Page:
Many of us have difficulty accepting our mortality. We think that somehow we might escape death’s sting. Why do I spend every morning (OK, most mornings!) torturing my body on an exercise machine instead of sleeping an extra hour? Why do I gag down a bowl of fiber-rich cereal instead of the sausage biscuit I crave? One reason: I want to be healthy to avoid death.  Yet, I am going to die. Such disciplines are only postponing the inevitable.

2. The Reality of Regret (Hebrews 12:1; Luke 16:23-24)

Two catalysts have motivated me to prepare this series. First, it was remembering my father’s experience being diagnosed with pancreatic cancer. My father was given four months to live.  Most people would label my dad as successful. He was a Christian, he held an important position with a large corporation, he enjoyed an upper-middle-class income, he traveled frequently, and his family loved him.  

Yet, during the months preceding his death, I listened to my father lament over the “if only’s” of his life: trips he wished he had taken, career opportunities he should have maximized, words that should never have been spoken, and relationships that should have been more greatly appreciated. My dad’s final months on this earth were not happy ones. Through his experience, I discovered that final regrets have the power to extinguish the joy of an otherwise happy life.

That is one reason I am determined to approach my death with a short list of “if only’s.”  

But regrets are not reserved for the dying. My second motivation for this series is seeing friends, family members, and fellow Christians weighted down by regrets. Often it is some type of milestone that brings those regrets into sharp focus.

  • A child’s graduation from high school: “If only I had spent more time with him/her, I would not regret their going away to college so deeply.”
  • Termination from a job: “If only I had worked harder, I would not have lost my job.” Or, “If only I had chosen another, less volatile career, I would still be employed today.”
  • Retirement: “If only I had saved more money in my younger years, I could have enjoyed my retirement years more fully.”
  • Divorce: “If only I expended more effort in building this relationship, my marriage might not have ended.”
  • Death of a Parent: “If only I had told him/her more often how I really feel, I would not be plagued with guilt.”

It doesn’t always take a crisis to precipitate a case of “if only.” Sometimes just a few moments of quiet reflection can cause us to long for “what might have been.”  

If the first two assumptions for this series— the certainty of death and the reality of regret—have depressed you, the final foundational truth is really what this series is all about, and it offers tremendous hope.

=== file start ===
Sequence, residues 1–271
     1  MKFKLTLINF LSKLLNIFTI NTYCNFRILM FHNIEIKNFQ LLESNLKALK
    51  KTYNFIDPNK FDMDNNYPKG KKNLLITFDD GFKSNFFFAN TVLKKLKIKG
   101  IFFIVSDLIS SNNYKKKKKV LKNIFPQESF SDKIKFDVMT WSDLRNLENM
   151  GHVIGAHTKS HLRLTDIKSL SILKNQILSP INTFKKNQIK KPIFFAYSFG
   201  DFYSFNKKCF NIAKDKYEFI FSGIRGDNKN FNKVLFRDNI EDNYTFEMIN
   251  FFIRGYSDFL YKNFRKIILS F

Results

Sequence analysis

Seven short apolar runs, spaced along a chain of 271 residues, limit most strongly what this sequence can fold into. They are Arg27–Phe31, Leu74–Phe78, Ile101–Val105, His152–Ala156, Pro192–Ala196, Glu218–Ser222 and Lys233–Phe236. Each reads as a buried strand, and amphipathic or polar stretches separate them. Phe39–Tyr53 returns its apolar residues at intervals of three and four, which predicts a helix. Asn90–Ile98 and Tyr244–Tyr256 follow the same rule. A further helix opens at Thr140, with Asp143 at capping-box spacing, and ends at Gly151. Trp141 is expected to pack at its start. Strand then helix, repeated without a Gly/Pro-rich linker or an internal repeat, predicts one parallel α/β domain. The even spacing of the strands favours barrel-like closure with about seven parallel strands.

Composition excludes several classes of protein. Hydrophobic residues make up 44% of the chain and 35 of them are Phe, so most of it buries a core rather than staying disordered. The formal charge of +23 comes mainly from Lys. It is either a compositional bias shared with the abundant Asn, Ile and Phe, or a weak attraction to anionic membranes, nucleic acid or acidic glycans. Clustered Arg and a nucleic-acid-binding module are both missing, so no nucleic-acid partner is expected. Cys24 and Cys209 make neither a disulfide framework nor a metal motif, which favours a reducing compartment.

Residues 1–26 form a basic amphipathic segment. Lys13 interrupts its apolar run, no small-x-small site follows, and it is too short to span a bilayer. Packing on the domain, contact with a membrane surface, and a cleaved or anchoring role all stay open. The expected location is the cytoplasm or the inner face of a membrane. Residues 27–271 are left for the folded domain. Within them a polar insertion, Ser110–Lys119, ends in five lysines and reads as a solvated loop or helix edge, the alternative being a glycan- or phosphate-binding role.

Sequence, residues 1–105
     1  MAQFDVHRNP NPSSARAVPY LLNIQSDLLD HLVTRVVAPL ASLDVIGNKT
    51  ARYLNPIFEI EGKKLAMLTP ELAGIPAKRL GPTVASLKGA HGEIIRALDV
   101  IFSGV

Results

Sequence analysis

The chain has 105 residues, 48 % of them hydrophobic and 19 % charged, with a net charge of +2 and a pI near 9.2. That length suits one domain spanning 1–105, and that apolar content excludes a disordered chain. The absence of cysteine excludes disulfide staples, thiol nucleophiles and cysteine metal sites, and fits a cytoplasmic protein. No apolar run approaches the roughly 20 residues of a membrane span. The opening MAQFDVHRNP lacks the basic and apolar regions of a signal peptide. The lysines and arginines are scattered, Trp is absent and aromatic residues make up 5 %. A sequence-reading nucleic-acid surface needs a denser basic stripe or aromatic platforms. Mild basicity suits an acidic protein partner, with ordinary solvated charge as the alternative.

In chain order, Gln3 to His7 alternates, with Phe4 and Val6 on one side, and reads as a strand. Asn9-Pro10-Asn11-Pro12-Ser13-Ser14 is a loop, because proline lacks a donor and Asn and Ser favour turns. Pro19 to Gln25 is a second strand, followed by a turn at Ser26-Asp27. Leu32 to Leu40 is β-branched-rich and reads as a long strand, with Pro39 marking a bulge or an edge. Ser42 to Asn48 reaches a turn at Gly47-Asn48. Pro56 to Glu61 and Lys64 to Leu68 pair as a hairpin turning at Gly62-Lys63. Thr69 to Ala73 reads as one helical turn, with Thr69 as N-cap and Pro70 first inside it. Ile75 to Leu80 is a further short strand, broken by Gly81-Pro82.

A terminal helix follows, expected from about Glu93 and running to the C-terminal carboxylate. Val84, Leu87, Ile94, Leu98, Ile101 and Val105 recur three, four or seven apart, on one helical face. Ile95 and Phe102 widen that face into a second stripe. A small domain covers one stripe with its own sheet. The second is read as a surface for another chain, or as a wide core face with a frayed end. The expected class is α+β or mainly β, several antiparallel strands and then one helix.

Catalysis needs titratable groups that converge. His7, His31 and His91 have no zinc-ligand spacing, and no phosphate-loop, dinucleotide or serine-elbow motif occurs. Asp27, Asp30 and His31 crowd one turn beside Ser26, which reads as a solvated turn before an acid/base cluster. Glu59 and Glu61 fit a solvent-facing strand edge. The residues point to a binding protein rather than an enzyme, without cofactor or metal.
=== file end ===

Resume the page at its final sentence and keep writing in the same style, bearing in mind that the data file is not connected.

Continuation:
3. The Possibility Of Change (Philippians 3:13-14)

You are probably familiar with the Nobel Prizes, which represent excellence in the arts and sciences. But you may not know the history behind these awards. Alfred Nobel was a Swedish chemist who made his fortune by inventing explosives and licensing their manufacture to foreign governments for the production of weapons.

One day Nobel’s brother died, and the newspaper accidentally ran Alfred’s obituary instead of his brother’s. Alfred had the rare opportunity to read how others would remember him. The obituary identified him as the inventor of dynamite, enabling nations to destroy one another.

Concerned that he would be remembered only as a merchant of death, he decided to rechannel the remainder of his life to more productive efforts. With a sizable chunk of his wealth, he established the Nobel prizes to encourage accomplishments that would benefit humanity.   

Today, few people know that Alfred Nobel invented dynamite; but many recognize him as someone who had a tremendous influence on humanity.

Although most of us will never achieve the fame and fortune of Alfred Nobel, all of us can redirect our time, money, emotions, and energy so that we both live and die without any regrets.  Perhaps as you honestly evaluate your relationships, career, finances, family life, and relationship with God, you realize you have “missed the mark” in both what you have wanted and, more importantly, in what God has desired for your life.

If so, I have some good news and bad news for you. The bad news is there is nothing you can do to regain yesterday’s lost time and opportunities. But the good news is there is plenty you can do to reshape tomorrow and eternity.


Full Passage: Philippians 3:13-14